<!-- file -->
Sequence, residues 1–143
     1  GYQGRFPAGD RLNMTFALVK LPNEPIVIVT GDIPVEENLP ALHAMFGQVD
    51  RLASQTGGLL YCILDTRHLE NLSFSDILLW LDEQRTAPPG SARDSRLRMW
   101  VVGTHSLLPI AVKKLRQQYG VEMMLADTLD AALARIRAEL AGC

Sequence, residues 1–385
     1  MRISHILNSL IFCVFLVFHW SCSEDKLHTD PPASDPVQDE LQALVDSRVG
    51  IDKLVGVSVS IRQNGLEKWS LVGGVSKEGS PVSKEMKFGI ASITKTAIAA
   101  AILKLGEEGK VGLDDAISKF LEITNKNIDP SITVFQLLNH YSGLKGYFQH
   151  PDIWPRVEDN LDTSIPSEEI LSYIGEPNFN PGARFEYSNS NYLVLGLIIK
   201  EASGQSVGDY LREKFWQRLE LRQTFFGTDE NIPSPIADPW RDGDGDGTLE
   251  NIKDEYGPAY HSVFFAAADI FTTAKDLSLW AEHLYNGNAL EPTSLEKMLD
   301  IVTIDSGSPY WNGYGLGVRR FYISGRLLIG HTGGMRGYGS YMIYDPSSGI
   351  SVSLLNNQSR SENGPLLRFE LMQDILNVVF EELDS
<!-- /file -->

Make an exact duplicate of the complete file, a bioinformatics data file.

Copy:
Sequence, residues 1–143
     1  GYQGRFPAGD RLNMTFALVK LPNEPIVIVT GDIPVEENLP ALHAMFGQVD
    51  RLASQTGGLL YCILDTRHLE NLSFSDILLW LDEQRTAPPG SARDSRLRMW
   101  VVGTHSLLPI AVKKLRQQYG VEMMLADTLD AALARIRAEL AGC

Sequence, residues 1–385
     1  MRISHILNSL IFCVFLVFHW SCSEDKLHTD PPASDPVQDE LQALVDSRVG
    51  IDKLVGVSVS IRQNGLEKWS LVGGVSKEGS PVSKEMKFGI ASITKTAIAA
   101  AILKLGEEGK VGLDDAISKF LEITNKNIDP SITVFQLLNH YSGLKGYFQH
   151  PDIWPRVEDN LDTSIPSEEI LSYIGEPNFN PGARFEYSNS NYLVLGLIIK
   201  EASGQSVGDY LREKFWQRLE LRQTFFGTDE NIPSPIADPW RDGDGDGTLE
   251  NIKDEYGPAY HSVFFAAADI FTTAKDLSLW AEHLYNGNAL EPTSLEKMLD
   301  IVTIDSGSPY WNGYGLGVRR FYISGRLLIG HTGGMRGYGS YMIYDPSSGI
   351  SVSLLNNQSR SENGPLLRFE LMQDILNVVF EELDS